Hi everyone. I'm high on life and writing in from the Cathay Pacific LAX-HKG flight. I'm fading fast, but with 13 hours to go until arrival, there should be plenty of time to a) sleep and b) write this note to you.
It's been a full week in my world so far. On Sunday I got up early and drove a rental car half an hour out of town to get to a half-marathon race. Monday was spent prepping for the product launch -- I worked on it off-and-on throughout the day, finishing up just after 11 pm. At 5 am the next morning, I got up to do the last-minute things and launch the product. A day in the life of a product launch deserves an article all of its own, so we'll save that one for later.
Wednesday I started my latest trip by heading south and meeting with 40+ remarkable people who all braved Los Angeles freeways to come out and visit with me and each other. (Note to you guys: thank you all for coming, it was an honor to meet you. Stay tuned for Extreme Gratitude, L.A. Edition on Sunday.)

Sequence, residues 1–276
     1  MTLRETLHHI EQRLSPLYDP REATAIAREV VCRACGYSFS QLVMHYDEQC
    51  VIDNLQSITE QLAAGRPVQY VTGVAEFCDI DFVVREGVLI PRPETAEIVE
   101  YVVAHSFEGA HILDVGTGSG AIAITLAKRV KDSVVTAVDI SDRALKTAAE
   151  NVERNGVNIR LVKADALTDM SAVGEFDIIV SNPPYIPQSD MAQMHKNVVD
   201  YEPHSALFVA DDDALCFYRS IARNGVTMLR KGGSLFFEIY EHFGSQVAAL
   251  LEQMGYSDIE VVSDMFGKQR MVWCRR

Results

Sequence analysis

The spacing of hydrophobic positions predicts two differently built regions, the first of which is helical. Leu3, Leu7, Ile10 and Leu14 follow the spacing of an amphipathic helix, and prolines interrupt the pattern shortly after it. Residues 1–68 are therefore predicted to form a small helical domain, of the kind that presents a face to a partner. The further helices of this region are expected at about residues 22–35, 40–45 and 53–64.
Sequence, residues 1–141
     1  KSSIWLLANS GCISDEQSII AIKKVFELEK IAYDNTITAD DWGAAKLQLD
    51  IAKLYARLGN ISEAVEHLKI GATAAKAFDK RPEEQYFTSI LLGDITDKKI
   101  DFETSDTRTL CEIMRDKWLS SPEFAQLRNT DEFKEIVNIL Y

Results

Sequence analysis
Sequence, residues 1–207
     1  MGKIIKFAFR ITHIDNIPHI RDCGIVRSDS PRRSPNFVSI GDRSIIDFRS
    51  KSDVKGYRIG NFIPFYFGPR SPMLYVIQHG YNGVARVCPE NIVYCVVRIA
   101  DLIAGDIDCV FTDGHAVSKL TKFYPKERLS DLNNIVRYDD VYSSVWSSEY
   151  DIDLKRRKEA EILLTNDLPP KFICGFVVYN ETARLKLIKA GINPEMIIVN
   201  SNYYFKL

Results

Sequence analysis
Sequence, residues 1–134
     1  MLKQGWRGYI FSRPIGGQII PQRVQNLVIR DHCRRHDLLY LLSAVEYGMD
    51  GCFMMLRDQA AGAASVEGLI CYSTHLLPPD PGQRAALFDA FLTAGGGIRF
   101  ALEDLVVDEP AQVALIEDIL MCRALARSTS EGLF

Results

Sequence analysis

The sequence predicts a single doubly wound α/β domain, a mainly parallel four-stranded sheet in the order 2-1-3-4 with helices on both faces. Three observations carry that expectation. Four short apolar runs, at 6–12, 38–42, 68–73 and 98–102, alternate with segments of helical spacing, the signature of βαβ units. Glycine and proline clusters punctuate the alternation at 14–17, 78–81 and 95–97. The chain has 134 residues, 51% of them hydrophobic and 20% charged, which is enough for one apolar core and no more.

After not eating much during the day and engaging with people non-stop from 2 pm-11 pm, I went to the airport and got on a 14-hour flight. While schlepping through security and waiting to board, I was starting to drag after all the excitement over the past few days, but I also had a deep sense of fulfillment.
My life is so great! I'm thrilled! What else could I want?
Important: the point in all of this is not just to be busy. Lots of people can be busy and never get anything done. Instead, I am interested in filling my life with big things that challenge and energize me.
At the end of the day, I want to be tired -- not from a grind of tasks that leave me with a feeling of "What did I really do today" but with a sense of wow. I want adventures.
For me, the recent adventures have been marathons, product launches, meetups, and travel. Next week's adventures take me to Bhutan, a country I've been hearing about for years but have never made it to until now. Your adventures may vary, but if you're like many of the people who read this site, you need adventures of your own on a regular basis.